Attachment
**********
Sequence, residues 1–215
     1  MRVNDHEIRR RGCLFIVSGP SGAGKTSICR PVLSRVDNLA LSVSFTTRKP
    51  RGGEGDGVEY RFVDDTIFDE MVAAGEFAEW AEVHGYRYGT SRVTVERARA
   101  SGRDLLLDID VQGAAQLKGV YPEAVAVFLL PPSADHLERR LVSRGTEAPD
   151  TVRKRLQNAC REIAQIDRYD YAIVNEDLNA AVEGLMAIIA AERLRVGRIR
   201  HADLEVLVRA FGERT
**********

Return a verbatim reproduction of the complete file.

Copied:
Sequence, residues 1–215
     1  MRVNDHEIRR RGCLFIVSGP SGAGKTSICR PVLSRVDNLA LSVSFTTRKP
    51  RGGEGDGVEY RFVDDTIFDE MVAAGEFAEW AEVHGYRYGT SRVTVERARA
   101  SGRDLLLDID VQGAAQLKGV YPEAVAVFLL PPSADHLERR LVSRGTEAPD
   151  TVRKRLQNAC REIAQIDRYD YAIVNEDLNA AVEGLMAIIA AERLRVGRIR
   201  HADLEVLVRA FGERT